My guest today is Australian author, Joanne Van Os, who currently lives in Darwin. Joanne has four books in print and a fifth underway. She’s covered the gambit from memoir to children/YA stories to adult fiction. Her latest book – THE SECRET OF THE LONELY ISLES – has recently been released. She’s also currently living my dream and resides on a boat with her husband!
Hi Joanne and welcome to my corner of the blogsphere. You’re my first guest YA author.
Thanks for the invitation Helene – it’s great to have a chat with another writer!
Your first book is a powerful and moving biography, OUTBACK HEART. What prompted the switch to stories for younger readers? What age group do you write for? YA covers a multitude of ages…
My first published book was Outback Heart, but I’d actually written most of Brumby Plains, my first children’s novel, before I began the memoir. The inspiration came from watching my two sons growing up out bush, where they were driving vehicles and riding quad-runners from a very young age, helping load roadtrains with buffalo, and doing all kinds of exciting things kids in cities don’t usually have access to.
My books are often labelled YA, but I think it’s completely wrong! We need another category to cover that age group who’ve grown out of the large print, partly illustrated first novels (children’s books) but who aren’t ready for the sex, drugs and angst of the YA novel. The time when kids still have that delightful innocence but are capable of making sensible and difficult decisions, and taking on a lot more responsibility. They’re a very interesting age! I didn’t set out to write for this age group – it’s just where the first story situated itself.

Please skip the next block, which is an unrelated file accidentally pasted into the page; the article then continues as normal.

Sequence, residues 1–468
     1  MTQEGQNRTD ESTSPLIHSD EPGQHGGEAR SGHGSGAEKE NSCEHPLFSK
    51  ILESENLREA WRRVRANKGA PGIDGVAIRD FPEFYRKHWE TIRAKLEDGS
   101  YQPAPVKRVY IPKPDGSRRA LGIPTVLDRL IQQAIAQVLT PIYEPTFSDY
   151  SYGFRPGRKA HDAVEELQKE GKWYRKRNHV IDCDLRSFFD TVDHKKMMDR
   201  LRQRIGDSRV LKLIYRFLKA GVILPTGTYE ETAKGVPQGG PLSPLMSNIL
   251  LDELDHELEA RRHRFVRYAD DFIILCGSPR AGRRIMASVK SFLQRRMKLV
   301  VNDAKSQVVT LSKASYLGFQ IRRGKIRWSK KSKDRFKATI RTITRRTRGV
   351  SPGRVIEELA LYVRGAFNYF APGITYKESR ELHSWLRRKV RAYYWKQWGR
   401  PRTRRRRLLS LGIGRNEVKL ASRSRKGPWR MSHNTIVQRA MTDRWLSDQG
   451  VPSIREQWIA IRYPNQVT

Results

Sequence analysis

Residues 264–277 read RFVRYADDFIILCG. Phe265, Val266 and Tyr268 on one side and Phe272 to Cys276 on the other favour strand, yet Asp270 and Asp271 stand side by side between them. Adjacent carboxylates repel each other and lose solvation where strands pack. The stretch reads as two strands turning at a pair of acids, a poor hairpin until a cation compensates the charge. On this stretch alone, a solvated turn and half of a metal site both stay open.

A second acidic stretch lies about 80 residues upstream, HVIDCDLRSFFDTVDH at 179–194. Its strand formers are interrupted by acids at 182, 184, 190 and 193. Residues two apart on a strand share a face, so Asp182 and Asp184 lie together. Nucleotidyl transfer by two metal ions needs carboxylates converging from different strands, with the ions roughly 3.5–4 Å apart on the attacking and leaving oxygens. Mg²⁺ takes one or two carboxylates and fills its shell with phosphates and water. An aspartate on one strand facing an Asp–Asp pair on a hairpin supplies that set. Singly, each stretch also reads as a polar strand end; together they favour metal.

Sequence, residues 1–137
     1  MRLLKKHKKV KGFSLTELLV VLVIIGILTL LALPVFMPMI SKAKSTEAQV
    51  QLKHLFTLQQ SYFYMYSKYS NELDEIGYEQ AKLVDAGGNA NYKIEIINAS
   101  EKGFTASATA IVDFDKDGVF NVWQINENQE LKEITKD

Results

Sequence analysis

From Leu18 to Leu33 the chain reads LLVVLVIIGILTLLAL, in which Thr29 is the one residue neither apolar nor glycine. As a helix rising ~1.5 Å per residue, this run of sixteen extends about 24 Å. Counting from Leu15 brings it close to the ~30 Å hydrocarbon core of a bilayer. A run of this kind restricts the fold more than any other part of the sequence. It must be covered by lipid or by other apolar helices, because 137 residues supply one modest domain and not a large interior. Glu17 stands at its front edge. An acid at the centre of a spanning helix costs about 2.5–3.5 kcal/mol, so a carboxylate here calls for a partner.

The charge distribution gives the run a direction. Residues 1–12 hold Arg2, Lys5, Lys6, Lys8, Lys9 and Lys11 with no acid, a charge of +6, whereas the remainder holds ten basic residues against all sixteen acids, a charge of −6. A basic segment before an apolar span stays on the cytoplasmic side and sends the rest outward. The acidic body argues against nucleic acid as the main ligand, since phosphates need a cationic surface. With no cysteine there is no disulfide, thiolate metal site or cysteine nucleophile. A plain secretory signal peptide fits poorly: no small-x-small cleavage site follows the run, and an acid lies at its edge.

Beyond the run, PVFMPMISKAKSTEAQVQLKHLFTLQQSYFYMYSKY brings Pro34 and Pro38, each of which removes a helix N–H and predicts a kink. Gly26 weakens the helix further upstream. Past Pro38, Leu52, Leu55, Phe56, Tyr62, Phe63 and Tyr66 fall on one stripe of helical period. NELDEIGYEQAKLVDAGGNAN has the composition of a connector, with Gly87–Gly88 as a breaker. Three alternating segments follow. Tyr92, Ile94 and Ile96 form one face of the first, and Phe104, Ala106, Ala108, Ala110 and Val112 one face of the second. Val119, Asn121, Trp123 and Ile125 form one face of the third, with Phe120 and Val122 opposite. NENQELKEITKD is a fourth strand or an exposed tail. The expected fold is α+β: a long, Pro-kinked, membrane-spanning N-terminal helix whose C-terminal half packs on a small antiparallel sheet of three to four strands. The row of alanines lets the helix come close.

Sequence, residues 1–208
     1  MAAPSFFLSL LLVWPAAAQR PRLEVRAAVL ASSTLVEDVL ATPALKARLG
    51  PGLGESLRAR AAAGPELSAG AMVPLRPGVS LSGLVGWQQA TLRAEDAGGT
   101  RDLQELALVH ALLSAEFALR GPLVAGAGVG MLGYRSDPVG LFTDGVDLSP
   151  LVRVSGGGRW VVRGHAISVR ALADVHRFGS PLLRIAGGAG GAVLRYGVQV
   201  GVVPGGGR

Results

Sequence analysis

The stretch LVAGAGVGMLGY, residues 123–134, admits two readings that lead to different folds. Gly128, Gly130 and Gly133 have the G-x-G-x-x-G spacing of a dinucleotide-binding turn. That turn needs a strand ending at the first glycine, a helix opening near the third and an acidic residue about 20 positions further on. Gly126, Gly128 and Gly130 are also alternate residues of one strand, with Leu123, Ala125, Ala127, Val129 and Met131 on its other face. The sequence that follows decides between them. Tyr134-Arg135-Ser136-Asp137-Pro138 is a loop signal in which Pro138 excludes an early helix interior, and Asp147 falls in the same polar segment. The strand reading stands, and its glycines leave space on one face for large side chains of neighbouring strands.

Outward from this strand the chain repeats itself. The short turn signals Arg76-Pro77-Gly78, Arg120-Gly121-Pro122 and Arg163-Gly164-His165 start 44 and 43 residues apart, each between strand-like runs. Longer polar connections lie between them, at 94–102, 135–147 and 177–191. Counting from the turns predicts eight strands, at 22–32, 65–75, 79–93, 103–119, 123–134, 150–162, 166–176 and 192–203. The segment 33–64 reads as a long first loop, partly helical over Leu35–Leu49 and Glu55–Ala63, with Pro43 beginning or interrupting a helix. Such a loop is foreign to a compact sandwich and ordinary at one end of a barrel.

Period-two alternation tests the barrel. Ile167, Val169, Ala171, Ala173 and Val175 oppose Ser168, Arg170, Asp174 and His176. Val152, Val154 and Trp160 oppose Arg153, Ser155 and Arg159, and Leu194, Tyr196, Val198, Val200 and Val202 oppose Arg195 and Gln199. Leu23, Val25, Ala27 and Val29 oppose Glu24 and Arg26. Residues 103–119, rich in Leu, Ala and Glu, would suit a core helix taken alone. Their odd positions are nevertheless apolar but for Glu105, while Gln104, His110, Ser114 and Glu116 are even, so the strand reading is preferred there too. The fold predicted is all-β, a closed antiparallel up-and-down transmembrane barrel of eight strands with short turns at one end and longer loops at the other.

Maybe ‘Young Teens’ would be a better category for this age group?
So I’ll think of them as ‘Tween’ stories from now on! What are some of the complexities of writing stories for adolescents?
First and foremost you need to understand the age group you are writing for. The average 15 year old – even 14 probably – wouldn’t be swept away by my books, and the average 8-9 year old would find them a bit too hard, unless they were fairly sophisticated readers. Next, you have to keep the action flowing. Ideally there should be something happening on each page, whether major or minor – just action of some kind, so the story has to gallop along a bit. Long descriptive passages are a no-no, no matter how beautifully crafted. You’ll lose a ten year old very quickly. And don’t preach, or talk down to the reader. And NEVER refer to your lead characters as ‘the children’.
I seem to remember some of Enid Blyton’s stories using ‘the children’ but I guess it was a very different era… Are there unwritten rules such as what issues can or can’t be covered with younger readers? Are there inappropriate topics, language or emotions?
I’m sure there are, because I’ve never read any! Basic common sense dictates what is appropriate or not for the age group you’re writing for. For example you wouldn’t write about child abuse or serious violence in a book for 9 – 14 year olds, whereas you could for older readers. Indeed it seems to be mandatory in the YA arena. Language is an issue – I had one ‘bloody’ in an appropriate place in the first book, but it was quickly deleted by the editor. Even though kids that age might use all kinds of bad language, swearing really doesn’t have a place in books for younger teens. Emotions? I don’t think there are any that would be ruled out – children understand fear, hate, joy, grief, but again, you wouldn’t go to extremes in reproducing negative emotions. Except for terror – kids love being scared. Again – Stephen King is not the goal either!
I can’t read Stephen King now without looking over my shoulder so I can understand that scary has many levels.
Your first two stories, BRUMBY PLAINS and CASTAWAY, are set in outback Northern Territory and are loosely linked. Your latest book, THE SECRET OF THE LONELY ISLES, is a sailing adventure. They’re all action adventure stories with lessons for your characters to learn. Was that deliberate? Or did the lessons come as the stories and characters evolved?